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Supreme Court: ‘Jilted wife’ can’t be prosecuted under weapons treaty

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posted on Jun, 2 2014 @ 11:30 AM
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The Supreme Court ruled unanimously Monday that a woman who sought to give her husband’s mistress an uncomfortable rash could not be prosecuted under an international chemical weapons treaty.
The justices’ ruling, in Bond. v. U.S., admonished officials against bringing federal charges in local cases for which they were not intended.
“The global need to prevent chemical warfare does not require the Federal Government to reach into the kitchen cupboard,” the court concluded.
“Because our constitutional structure leaves local criminal activity primarily to the States, we have generally declined to read federal law as intruding on that responsibility, unless Congress has clearly indicated that the law should have such reach,” Roberts wrote.


Supreme Court: ‘Jilted wife’ can’t be prosecuted under weapons treaty

In what is a huge win for protection of individual rights and the Constitution, Scotus unanimously agreed that the defendant could not be tried under the 1997 Chemical weapons convention. They stated that it was an overreach of the Federal government.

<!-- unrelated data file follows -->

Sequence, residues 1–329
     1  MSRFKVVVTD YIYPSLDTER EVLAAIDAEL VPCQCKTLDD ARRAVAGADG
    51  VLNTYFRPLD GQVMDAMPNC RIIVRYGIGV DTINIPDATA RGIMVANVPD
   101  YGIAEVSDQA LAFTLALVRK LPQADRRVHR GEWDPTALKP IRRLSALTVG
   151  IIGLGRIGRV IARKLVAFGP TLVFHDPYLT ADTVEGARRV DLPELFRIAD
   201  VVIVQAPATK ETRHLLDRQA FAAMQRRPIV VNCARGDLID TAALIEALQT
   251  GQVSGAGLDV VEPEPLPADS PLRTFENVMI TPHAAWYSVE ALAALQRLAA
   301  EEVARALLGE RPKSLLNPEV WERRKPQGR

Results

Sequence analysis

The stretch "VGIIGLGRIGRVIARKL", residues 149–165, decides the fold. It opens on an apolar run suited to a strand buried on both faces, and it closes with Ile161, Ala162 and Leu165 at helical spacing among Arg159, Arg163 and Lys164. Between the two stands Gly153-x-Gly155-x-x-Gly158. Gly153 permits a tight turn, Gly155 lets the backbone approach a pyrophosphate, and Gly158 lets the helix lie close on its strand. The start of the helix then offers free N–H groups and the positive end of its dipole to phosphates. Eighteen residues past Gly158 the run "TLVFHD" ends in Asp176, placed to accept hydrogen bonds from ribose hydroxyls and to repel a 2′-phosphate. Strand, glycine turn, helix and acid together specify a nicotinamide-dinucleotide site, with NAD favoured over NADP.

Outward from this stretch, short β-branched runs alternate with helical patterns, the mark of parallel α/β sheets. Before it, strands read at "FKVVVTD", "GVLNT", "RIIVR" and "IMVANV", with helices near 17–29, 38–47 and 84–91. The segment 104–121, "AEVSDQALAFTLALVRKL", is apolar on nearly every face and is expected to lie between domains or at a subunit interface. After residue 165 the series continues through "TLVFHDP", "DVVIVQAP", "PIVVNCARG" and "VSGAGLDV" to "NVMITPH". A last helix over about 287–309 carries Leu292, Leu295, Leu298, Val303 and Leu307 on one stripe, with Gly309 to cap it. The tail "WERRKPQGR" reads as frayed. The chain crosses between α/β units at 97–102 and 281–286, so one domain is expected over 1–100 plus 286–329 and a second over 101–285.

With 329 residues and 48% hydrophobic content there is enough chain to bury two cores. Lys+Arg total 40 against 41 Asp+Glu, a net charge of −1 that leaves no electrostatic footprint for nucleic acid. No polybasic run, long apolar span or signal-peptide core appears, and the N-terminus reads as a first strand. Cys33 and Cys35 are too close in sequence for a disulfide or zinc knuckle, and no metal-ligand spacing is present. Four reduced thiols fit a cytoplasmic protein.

On the case of Carol Anne Bond, a Pennsylvania microbiologist who discovered that her best friend was pregnant with her husband’s child. Seeking revenge, Bond stole various toxic chemicals from work and spread them on her former friend’s doorknob, car door and mailbox. said theHill ... certainly, the government had another agenda with bringing such a case all the way to the Supreme court, although the woman sustained a minor chemical burn.

This was a backdoor attempt to get a precedent for UN and other treaties such as Agenda 21 and Small Arms Treaty which would all Federal overreach on a local level. This will be a big loss for large government overreach...